Many dimensions of project management

Project management is a complex field with many variables. Although needs and solutions vary, six elements are recommended as attributes to consider as companies evaluate software for successful project management. 1.

By Staff April 1, 1999

Project management is a complex field with many variables. Although needs and solutions vary, six elements are recommended as attributes to consider as companies evaluate software for successful project management.

1. Role-based tools and perspectives. Because so many people within an organization are affected by a project, a “one-size-fits-all” solution rarely applies. Different levels as well as types of users must be able to access the specific information they need to do their jobs at any time.

Executives, for instance, need an elegant summary view of the project portfolio. Such information details how projects are performing against budgets and time lines, and identifies what needs to be completed. Full-time project managers must be able to model different scenarios to finish a project faster. Workers need simple web-based timesheets and to-do lists to receive and update assignments.

A multiproject, multisite project management tool must provide a project manager with indepth project modeling features, flexible what-if analysis, and sophisticated reporting options while giving many people in an organization project information tailored to their unique needs.

2. A hierarchical structure. All of a firm’s projects should be planned, analyzed, and controlled from within a single framework or hierarchy, from inception to completion. The program should provide for top-down as well as bottom-up planning — and should compare the perspectives to ensure that tactical plans are in line with higher-level objectives.

An enterprise-wide project management solution should let everyone look at projects using a hierarchy that makes sense to him. For a CFO, it means viewing projects by cost accounting structures, with appropriate links to corporate systems. For the project manager, it means analyzing the project according to a work breakdown structure of its deliverables.

3. Optimization of limited, shared resources. For many organizations, time, not capital, is the scarcest resource. Assigning the right person to a task and making the most of those involved in a project, regardless of where they are located, are essential to successful project management.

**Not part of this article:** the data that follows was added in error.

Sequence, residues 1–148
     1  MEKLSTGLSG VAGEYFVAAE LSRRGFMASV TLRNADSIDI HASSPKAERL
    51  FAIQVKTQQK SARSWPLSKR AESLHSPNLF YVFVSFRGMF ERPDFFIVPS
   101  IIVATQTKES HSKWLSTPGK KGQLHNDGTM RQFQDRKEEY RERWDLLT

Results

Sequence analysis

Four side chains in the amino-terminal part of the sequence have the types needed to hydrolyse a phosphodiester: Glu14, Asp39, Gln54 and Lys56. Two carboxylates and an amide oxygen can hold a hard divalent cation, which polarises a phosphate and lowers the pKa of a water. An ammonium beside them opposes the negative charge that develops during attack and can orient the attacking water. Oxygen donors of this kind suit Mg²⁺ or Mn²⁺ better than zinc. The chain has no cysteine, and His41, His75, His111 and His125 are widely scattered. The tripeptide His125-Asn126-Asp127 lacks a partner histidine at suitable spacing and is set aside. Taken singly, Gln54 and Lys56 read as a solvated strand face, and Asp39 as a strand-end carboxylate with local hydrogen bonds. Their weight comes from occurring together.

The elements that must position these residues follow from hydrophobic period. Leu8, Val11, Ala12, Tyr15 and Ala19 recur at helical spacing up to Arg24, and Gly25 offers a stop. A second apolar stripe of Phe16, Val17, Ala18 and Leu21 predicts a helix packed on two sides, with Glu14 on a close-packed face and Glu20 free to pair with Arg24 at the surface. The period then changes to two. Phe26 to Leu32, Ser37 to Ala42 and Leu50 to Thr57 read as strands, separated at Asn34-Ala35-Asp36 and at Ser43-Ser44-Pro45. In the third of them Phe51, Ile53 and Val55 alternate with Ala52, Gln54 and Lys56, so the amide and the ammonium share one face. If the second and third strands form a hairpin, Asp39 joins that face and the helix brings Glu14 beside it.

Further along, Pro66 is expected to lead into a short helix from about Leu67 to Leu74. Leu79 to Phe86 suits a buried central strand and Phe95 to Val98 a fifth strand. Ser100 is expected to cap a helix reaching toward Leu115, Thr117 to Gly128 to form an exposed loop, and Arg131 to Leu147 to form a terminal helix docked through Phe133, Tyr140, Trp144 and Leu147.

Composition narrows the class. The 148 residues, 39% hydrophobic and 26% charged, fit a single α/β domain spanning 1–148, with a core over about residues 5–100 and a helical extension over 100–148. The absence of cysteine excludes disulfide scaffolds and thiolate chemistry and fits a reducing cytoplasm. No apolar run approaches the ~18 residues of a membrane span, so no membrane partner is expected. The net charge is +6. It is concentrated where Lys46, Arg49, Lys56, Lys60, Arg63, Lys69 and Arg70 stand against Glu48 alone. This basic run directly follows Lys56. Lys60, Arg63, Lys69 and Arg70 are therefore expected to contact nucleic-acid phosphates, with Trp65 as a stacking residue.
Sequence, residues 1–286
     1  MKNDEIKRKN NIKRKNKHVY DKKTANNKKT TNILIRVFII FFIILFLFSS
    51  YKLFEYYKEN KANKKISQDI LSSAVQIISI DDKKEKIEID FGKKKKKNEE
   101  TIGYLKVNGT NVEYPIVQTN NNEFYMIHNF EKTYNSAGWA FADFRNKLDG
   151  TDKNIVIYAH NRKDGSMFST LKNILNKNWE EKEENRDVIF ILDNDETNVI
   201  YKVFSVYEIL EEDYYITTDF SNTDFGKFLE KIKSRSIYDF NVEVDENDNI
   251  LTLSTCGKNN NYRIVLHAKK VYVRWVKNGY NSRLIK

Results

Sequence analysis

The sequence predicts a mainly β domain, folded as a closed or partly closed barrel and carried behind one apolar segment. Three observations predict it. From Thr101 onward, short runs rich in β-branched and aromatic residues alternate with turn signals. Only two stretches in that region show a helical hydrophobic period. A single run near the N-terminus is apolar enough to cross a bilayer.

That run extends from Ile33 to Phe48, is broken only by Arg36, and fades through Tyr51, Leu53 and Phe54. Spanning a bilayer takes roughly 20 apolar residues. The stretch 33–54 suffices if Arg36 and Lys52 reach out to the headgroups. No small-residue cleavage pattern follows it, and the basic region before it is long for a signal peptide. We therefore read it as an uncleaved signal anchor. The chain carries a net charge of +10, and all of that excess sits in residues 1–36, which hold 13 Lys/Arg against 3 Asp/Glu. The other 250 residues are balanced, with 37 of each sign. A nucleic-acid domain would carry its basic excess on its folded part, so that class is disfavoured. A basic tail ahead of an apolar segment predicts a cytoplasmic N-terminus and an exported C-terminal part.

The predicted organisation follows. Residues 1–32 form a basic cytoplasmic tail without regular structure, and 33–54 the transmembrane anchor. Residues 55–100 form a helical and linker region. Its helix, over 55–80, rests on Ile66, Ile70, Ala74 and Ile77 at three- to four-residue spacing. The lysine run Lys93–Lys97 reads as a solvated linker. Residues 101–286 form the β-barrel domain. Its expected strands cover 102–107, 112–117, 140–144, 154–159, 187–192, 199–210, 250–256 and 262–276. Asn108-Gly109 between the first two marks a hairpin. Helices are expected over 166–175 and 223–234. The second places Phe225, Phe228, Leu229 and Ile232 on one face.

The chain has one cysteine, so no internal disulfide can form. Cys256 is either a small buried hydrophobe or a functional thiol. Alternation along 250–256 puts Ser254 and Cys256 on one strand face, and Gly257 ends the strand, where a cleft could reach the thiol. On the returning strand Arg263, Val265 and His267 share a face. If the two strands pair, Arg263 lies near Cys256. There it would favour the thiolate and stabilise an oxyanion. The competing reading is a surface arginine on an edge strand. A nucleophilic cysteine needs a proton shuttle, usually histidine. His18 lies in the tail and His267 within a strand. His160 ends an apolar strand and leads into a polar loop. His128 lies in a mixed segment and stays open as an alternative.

A software solution should be able to help managers decide who should be working on which project, as well as plan resource assignments based on role. For example, the project manager should be able to identify instantly when key resources will be freed up for work on other projects.

4. Real-time communication. Software for complex project management should provide top management with timely feedback about projects and project portfolios. At its heart, project management is communication. With traditional project management tools, however, by the time a decision-maker sees the data, the ability to change directions may be gone. Project management in the internet age must give unfettered access to project information in real time. If something will take longer than planned, management needs to know immediately, not a week or two later.

Project management should also provide managers with insight into the strategic vision for the business as it is set forth by the senior executives or strategic planners. It must give them a sense of ownership. Middle management is then better prepared to respond quickly to changes and communicate those changes to subordinates for followup.

Project management should bring front-line workers into the communication process. Workers need to be informed immediately about changes in priority so that they are always working on the most important tasks. The communication loop must be closed by a real-time feedback mechanism that lets these workers acknowledge what has been completed, and, more importantly, what remains to be done.

5. Visible project performance. The phrase, “If you can’t measure it, you can’t manage it” is well known. A recent report by the Conference Board on Strategic Performance Measurement found that companies that employ performance measurement techniques are much more likely to achieve leadership positions in their industry. A comprehensive project management software solution, therefore, must include a strong focus on project performance measurement.

Performance measurement should be a forward-looking metric that helps companies identify what happened, and why. Further, it should help companies spot problems and trends in time to correct them. Regardless of the stage of a project, its real status and performance should be visible and accountable. Making it so increases the likelihood of success.

6. Built for integration. As project management tools take their place beside other corporate systems, these software systems must be able to integrate with accounting and other enterprise-wide information systems. Whether it is accomplished through preconfigured or custom-built interfaces, integration ensures consistency of project-related information throughout the company. As projects change, other departments will be able to see the consequences, including the impact of schedule changes, on work flow in the organization.

Information for this section was provided by Primavera Systems, Inc. Its web site is located at